He was flying in a Vickers Wellington bomber which had taken off from RAF Croft at 1848 hours. This was ZL-C with the serial number BK268, piloted by Flight Sergeant  George Taylor. They were one of seven Wellingtons sent to bomb Cologne. Five aircraft returned safely. Flight Sergeant Taylor bombed successfully, but on the way home he crashed at R.A.F. North Luffenham, near Woolfax Lodge, and he, and four of his crew, were killed, including John Partos. Flight Sergeant William Harwood and his crew were also posted missing from this raid. The whole story can be found on the website of the Canadian 6th Group:

What makes these events, back at RAF Coningsby in Lincolnshire, even more tragic and twisted is that Denis Partos was not even a normal member of the crew of this doomed Lancaster. The normal mid-upper gunner was Flight Sergeant M.H.McBride, but he could not fly on this particular day because he was on a charge and had been grounded for his bad behaviour.  So too was the other gunner in the crew, Flight Sergeant J.K.Russell. Flight Sergeant M.H.McBride went on to survive the conflict as far as I can trace. So too did Flight Sergeant Russell. They must have thought, though, that they had used up all of their good luck for the entire rest of the war! Here is the Operations Room of 97 Squadron

opr room

I cannot trace a rear gunner for ND981 on this particular occasion. Some sources give it as John David Fletcher but that is clearly an error. Perhaps the aircraft flew with just six crew members.

The only man to survive the crash was Flight Sergeant Coman who was the wireless operator of Flight Lieutenant Perkins’ Lancaster. Coman jumped out of the stricken bomber as it broke up and managed to get his parachute open. He was badly burned by parachuting down almost into the burning wreckage of the two aircraft. He owed his survival, it is thought, to the fact that he was conceivably blown upwards by the force of the explosion of the burning wreckage on the ground and was, therefore, able to open his parachute and come down safely.

After his almost miraculous escape, poor Flight Sergeant Coman left the squadron and, in actual fact, was to die of tuberculosis not too long after he left the RAF. According to at least one website, he was so traumatised that he was never flew again after the tragic events of Friday, June 23rd 1944. (not surprisingly, you might think).

Old Nottinghamian, John David Fletcher had intended to make his living by farming poultry when he left the RAF.

Sixty years after the tragedy,  at a commemorative ceremony, Roy Sturman, from the Nottinghamshire country village of Collingham, spoke about his feelings all those years ago. He was only ten when his brother-in-law, John David Fletcher, was killed in the crash. He said:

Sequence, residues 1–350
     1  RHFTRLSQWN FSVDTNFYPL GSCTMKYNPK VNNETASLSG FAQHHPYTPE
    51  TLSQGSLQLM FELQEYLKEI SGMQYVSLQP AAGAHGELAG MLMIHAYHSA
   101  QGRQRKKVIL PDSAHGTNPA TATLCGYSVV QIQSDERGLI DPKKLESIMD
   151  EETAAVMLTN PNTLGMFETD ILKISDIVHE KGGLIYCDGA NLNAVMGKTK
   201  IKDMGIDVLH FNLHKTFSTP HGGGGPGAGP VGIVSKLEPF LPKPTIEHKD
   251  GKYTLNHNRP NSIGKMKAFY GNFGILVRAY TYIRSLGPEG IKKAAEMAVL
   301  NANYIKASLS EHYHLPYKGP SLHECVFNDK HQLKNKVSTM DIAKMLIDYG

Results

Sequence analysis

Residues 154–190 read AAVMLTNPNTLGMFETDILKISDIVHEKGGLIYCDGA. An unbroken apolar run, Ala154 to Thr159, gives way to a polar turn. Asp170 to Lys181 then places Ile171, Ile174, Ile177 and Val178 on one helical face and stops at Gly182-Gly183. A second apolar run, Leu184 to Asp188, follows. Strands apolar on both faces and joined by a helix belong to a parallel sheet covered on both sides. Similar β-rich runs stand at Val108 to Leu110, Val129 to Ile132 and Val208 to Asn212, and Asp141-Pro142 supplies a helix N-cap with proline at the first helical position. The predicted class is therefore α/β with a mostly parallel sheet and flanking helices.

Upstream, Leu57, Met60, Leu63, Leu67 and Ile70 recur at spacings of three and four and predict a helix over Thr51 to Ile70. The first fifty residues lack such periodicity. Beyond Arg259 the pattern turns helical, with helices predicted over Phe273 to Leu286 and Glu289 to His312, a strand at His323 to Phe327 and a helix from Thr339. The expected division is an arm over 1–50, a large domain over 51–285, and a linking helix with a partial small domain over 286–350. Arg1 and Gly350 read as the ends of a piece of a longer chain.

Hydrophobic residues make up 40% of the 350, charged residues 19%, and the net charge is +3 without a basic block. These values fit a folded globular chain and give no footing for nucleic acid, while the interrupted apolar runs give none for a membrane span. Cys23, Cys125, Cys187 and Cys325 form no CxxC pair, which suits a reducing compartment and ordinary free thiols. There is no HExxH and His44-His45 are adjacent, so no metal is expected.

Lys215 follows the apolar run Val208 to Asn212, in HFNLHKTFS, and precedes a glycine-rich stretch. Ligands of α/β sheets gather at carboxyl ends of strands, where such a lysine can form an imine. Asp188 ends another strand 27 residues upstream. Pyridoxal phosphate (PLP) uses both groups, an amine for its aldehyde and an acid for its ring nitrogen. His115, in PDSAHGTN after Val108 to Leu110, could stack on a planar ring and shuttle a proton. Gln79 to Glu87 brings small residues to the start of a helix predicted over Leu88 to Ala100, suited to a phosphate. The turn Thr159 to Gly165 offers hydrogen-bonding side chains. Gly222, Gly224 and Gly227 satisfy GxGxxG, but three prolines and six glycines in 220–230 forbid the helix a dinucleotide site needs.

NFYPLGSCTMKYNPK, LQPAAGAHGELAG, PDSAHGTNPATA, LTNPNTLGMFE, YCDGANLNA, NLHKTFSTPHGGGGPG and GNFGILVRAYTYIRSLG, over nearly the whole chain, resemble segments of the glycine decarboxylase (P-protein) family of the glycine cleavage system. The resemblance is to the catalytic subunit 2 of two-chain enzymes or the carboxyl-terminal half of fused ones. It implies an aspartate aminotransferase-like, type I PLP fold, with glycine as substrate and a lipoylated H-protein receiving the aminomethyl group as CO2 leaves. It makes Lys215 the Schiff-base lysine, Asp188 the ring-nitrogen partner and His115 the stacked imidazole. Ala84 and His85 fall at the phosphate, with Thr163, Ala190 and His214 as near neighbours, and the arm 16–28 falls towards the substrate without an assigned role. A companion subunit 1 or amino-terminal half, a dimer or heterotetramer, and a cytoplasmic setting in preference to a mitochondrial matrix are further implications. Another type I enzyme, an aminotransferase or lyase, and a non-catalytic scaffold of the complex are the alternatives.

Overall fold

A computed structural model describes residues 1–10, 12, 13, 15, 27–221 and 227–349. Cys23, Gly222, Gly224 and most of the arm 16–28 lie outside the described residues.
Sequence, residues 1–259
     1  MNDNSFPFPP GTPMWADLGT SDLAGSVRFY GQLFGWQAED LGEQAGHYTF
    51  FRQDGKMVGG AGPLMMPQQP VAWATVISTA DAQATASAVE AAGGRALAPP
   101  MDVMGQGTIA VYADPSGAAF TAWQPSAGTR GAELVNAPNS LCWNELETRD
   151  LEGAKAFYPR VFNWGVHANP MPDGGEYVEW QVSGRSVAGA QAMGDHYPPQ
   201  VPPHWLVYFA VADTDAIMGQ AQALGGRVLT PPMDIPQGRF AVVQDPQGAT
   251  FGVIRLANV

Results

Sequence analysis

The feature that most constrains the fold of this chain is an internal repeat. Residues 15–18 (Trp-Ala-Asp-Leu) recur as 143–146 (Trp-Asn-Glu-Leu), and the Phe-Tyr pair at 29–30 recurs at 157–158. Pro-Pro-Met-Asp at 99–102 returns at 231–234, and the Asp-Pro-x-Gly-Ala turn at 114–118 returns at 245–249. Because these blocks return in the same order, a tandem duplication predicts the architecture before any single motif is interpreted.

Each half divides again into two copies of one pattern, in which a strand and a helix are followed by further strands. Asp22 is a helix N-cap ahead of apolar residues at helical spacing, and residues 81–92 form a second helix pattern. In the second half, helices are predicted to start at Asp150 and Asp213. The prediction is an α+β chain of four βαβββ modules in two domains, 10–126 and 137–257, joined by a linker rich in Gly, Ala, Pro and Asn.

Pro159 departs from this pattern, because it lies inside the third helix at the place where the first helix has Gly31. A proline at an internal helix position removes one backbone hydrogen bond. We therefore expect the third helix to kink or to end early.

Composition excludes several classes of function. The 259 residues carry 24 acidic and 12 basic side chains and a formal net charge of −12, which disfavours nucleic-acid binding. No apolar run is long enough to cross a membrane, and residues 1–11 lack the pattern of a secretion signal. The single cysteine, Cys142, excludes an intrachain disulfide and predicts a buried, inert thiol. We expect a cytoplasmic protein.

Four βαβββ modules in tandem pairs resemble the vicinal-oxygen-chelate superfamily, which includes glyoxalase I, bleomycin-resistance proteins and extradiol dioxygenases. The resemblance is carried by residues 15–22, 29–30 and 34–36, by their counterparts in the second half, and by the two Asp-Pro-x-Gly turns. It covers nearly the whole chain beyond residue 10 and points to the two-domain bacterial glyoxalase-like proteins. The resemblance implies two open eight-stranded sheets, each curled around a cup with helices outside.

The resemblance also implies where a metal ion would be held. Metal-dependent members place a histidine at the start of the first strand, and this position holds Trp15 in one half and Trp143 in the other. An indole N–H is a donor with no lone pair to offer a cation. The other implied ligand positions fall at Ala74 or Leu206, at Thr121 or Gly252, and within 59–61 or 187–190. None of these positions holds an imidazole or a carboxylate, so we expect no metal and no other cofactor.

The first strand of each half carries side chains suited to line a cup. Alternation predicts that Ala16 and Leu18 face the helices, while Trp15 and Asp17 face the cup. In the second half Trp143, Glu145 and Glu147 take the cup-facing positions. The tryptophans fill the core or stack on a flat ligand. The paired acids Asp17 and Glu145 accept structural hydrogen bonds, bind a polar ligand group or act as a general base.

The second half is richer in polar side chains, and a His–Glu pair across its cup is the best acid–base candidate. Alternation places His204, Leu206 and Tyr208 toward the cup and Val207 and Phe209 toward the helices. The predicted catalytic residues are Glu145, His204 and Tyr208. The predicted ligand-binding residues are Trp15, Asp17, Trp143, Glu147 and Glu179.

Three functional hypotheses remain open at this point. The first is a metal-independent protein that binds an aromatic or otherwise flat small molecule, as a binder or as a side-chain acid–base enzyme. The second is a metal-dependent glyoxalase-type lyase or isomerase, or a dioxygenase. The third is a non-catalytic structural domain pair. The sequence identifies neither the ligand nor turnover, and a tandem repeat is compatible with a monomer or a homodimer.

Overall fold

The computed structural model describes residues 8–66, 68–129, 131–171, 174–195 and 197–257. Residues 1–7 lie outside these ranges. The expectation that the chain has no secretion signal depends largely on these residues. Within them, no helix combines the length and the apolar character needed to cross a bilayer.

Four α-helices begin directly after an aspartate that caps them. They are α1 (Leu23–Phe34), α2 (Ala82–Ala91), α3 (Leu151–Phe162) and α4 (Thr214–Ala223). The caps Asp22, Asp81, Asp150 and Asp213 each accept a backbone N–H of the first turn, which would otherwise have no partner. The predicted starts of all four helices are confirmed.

“I thought he was great. He was a hero to me. I’m so glad I came along to the ceremony, because this is history and it needs to be remembered.”

This stained glass window is dedicated to the memory of the brave young men of 97 Squadron:

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Needless to say, as I was not a witness to all of these dreadful events, this article could not have been written without using the series of excellent books by W.R.Chorley, and a number of other websites.

The final part of this sad tale to follow in the near future.

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The Beast of Ennerdale: Part three

This is the third instalment of the story of the Beast of Ennerdale, a strange creature that rampaged across the Lake District in north western England in 1810. In five months, it killed almost 300 sheep, often just eating their soft organs and then lapping up their blood. The story of its ravages is told in the first two parts of this series:

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Nowadays, we have almost an almost unbelievable ability to make contact with each other instantly right across the globe. Furthermore, we have immediate instant access to unbelievable amounts of knowledge and information.
Until very recently though, that was just not the case. There was no television. No radio. No access to books. Most people were illiterate, especially in the countryside. Nobody knew very much at all about natural history outside their own country. Contrast our situation with life outside London in 1198. Richard the Lionheart was the English king then, and he was the proud owner of his very own private zoo in the Tower of London. Richard had been on the Crusades and he must have known a little bit about some of the wildlife in the Middle East. Perhaps that was the reason that he had a pet crocodile in his collection of animals: